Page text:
Power of deceit explored in Belfry’s latest

Speaking in Tongues, the internationally acclaimed play by Australian playwright Andrew Bovell, is making an appearance at Victoria’s Belfry Theatre this month and the next. Nine interrelated characters, played by four actors, force themselves into a false sense of fulfillment through lies, deceit and infidelity.

“I think the play asks us to question the lies that we tell ourselves and the fictions that we create in our world,” says Belfry artistic director Michael Shamata. “Some that we believe and some that we ask other people to believe.”

The Company Theatre production (in association with Canadian Stage) finished a run of the show in Toronto this past fall with direction by Philip Riccio.

“It’s always great when you have an opportunity as a company to play a show and then jump back into rehearsals with it just to go deeper and to re-examine certain elements and certain moments,” says Shamata, who saw the production in Toronto and loved it.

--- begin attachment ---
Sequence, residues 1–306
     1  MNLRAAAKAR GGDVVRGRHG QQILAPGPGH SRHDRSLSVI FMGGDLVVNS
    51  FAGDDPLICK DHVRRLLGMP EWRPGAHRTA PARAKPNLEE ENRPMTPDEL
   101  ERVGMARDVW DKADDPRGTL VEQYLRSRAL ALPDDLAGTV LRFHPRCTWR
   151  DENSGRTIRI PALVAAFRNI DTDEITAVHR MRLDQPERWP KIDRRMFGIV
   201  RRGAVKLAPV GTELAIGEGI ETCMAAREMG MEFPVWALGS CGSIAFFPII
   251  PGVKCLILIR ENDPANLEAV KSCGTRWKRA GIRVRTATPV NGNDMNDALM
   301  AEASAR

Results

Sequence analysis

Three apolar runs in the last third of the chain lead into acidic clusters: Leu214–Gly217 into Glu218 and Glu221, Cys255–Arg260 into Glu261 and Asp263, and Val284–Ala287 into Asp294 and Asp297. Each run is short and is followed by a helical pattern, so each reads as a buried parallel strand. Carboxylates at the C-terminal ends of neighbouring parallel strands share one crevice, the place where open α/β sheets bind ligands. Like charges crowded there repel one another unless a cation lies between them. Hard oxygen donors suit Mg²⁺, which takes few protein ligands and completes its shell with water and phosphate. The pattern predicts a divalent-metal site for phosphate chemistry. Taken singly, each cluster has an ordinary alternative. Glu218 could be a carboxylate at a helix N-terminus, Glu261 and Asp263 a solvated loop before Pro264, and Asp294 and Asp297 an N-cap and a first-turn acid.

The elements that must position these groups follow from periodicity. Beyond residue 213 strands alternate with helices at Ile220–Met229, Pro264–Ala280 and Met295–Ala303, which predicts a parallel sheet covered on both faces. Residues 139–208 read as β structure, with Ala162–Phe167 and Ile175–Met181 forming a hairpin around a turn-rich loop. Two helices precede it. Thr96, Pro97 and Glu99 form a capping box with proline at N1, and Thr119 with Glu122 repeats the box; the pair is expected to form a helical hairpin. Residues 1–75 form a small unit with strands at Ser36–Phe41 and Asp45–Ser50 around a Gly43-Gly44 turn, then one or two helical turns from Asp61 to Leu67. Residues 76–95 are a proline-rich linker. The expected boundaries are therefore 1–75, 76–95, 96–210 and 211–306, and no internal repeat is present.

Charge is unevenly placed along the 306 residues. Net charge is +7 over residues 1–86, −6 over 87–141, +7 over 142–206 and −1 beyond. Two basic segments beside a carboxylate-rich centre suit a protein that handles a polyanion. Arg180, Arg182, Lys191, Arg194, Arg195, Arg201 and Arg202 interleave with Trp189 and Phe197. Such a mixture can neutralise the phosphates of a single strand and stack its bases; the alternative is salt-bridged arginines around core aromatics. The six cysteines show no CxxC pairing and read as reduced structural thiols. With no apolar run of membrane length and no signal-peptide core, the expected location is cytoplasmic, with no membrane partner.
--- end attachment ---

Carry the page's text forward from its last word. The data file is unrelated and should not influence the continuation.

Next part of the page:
Combining elements of mystery, thriller and erotic drama, the provocative story promises to compel Victoria audiences. Though the show is edgy in terms of its content, Shamata is convinced Victorians will engage thoughtfully with it.

“Our audiences here really enjoy plays that look at the world a bit differently, that provoke thought and consideration,” he says.

Though the set is sparse, the complexity of the play comes in the form of rotating actors. Richard Clarkin, Jonathan Goad, Helene Joy and Yanna McIntosh each play two or three different roles, exemplifying parallels between characters through both role-switching and dialogue.

“It’s like a prism. It’s like looking at someone from different viewpoints — the way they are seen and the way they see themselves,” says Shamata.

The slow revelation of information and revolving points of view imposed by Bovell provide the effect of an unravelling mystery.

In our interview, Shamata poses some of the fundamental questions explored in the play: “What’s the line between truth and fiction — how do we negotiate that? How do we use it to our own advantage, and how are we also victims of it?”

 

Speaking in Tongues
Jan. 22 – Feb. 24 @ the Belfry Theatre
Show times vary
Tickets range from $25–$40
Student discount: 25 per cent off
(excluding Friday and Saturday 8 p.m. shows and opening night)

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